Green died November 14, 2008 after she was shot outside a house party in Syracuse. Evidence at trial demonstrated that DeLee shot her because she was transgender and because he believed she was gay. A jury found DeLee guilty of manslaughter in the first degree as a hate crime in July of 2009 and in August of that year he was sentenced to 25 years in prison.
It was the first time a New York jury had delivered a hate crime conviction in the killing of a transgender person, and only the second hate crime conviction in the nation stemming from the killing of a transgender person. The jury reached the first degree manslaughter as a hate crime verdict after determining that DeLee had targeted Green based on his perception of her sexual orientation, which is a protected category under New York’s hate crimes law.
But in July of 2013 the conviction was set aside by The New York Supreme Court’s 4th Appellate Division because of what the court viewed as an “inconsistent” verdict: The jury found DeLee guilty of first degree manslaughter as a hate crime, but not guilty of first degree manslaughter. The court tossed out the conviction, concluding that jury confusion about the judge’s instructions led to a conflicting verdict. The Onondaga County District Attorney’s Office appealed that decision and today the state’s highest court agreed that the verdict could not stand. But in reaching its conclusion, the court also opened the door for the Onondaga County District Attorney’s Office to resubmit the hate crime charge to a grand jury and retry DeLee on that charge.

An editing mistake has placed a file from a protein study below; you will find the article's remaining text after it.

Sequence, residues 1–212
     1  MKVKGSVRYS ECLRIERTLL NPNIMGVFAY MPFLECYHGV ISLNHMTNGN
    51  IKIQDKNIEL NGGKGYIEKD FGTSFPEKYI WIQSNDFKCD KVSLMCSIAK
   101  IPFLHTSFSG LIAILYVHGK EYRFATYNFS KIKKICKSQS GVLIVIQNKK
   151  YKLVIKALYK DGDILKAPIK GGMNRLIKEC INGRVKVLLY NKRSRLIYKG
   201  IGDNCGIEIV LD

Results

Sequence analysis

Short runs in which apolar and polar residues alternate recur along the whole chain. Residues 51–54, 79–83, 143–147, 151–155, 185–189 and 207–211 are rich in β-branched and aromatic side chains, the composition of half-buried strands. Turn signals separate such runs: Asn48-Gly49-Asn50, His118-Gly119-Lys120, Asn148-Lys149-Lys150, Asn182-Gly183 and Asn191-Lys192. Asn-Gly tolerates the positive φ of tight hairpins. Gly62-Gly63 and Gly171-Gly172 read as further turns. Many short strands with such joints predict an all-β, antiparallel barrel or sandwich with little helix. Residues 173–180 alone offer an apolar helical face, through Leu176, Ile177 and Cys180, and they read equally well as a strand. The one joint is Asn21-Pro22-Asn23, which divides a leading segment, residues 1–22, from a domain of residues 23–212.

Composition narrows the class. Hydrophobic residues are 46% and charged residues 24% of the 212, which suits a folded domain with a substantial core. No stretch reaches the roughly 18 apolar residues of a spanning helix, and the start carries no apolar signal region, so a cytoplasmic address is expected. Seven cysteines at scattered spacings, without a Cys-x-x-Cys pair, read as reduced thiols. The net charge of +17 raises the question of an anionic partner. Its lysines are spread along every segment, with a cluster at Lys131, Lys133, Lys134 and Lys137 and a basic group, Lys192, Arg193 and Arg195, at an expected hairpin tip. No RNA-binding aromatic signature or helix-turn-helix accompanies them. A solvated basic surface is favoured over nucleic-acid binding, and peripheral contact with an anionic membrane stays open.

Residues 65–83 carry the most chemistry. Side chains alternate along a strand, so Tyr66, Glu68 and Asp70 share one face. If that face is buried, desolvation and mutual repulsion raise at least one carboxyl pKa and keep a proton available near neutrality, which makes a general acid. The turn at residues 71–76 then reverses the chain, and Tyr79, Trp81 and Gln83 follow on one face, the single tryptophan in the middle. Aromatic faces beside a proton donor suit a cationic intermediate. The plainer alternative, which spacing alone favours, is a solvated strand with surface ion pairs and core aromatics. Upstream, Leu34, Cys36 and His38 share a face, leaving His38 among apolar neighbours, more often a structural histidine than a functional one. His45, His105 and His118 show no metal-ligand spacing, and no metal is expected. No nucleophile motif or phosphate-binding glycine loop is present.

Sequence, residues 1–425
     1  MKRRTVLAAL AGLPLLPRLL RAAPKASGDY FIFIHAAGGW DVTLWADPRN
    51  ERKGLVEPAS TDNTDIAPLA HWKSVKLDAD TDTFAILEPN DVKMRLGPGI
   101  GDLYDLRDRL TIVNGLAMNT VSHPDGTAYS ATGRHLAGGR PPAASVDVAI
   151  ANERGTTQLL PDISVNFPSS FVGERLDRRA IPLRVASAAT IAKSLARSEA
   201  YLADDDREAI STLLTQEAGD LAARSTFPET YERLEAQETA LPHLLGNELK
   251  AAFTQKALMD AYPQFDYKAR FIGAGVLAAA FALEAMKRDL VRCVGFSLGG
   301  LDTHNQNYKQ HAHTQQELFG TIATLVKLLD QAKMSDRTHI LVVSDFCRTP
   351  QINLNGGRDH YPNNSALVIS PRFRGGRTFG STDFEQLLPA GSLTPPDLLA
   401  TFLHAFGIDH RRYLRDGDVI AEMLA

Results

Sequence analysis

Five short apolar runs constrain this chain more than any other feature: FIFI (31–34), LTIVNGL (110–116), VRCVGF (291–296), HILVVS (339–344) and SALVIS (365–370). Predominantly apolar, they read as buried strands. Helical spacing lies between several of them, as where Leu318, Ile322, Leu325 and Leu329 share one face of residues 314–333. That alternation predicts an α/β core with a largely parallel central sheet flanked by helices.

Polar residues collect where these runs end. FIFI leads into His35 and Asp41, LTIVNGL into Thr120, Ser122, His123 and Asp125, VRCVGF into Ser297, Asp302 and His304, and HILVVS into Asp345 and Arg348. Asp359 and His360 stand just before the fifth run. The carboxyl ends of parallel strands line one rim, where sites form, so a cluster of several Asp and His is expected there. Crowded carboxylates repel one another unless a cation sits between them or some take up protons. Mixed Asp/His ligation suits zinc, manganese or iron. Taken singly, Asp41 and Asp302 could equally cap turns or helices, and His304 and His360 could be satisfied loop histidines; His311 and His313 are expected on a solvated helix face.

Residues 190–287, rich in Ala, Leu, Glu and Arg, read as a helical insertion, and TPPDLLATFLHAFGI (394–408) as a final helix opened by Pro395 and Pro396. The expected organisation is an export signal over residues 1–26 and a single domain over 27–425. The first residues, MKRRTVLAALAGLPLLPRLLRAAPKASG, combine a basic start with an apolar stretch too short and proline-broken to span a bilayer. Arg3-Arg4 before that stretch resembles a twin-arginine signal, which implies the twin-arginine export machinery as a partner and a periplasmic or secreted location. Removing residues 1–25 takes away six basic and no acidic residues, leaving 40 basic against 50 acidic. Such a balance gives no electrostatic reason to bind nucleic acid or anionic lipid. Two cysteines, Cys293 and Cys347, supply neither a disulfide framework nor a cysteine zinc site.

“Lateisha Green was singled out and killed simply because she was transgender,” said TLDEF Executive Director Michael Silverman. “Dwight DeLee’s conviction brought a measure of justice to Teish’s family and friends. In light of today’s ruling, we urge the Onondaga County District Attorney to bring new hate crime charges against DeLee. The high court has given us an opening and the District Attorney should bring this case once again so there is a final chance to achieve a measure of justice for Lateisha.”
Lateisha’s mother expressed relief at the ruling. “While I would have preferred to put this behind me while Teish’s killer served out his sentence, I nevertheless welcome the chance to see justice served in his retrial,” said Roxanne Green. “I will never stop fighting for Teish. I hope that the District Attorney’s office will retry this case and swiftly bring it to an end. I am certain that justice will be done for my beloved daughter.”
The case is The People v. Dwight R. DeLee.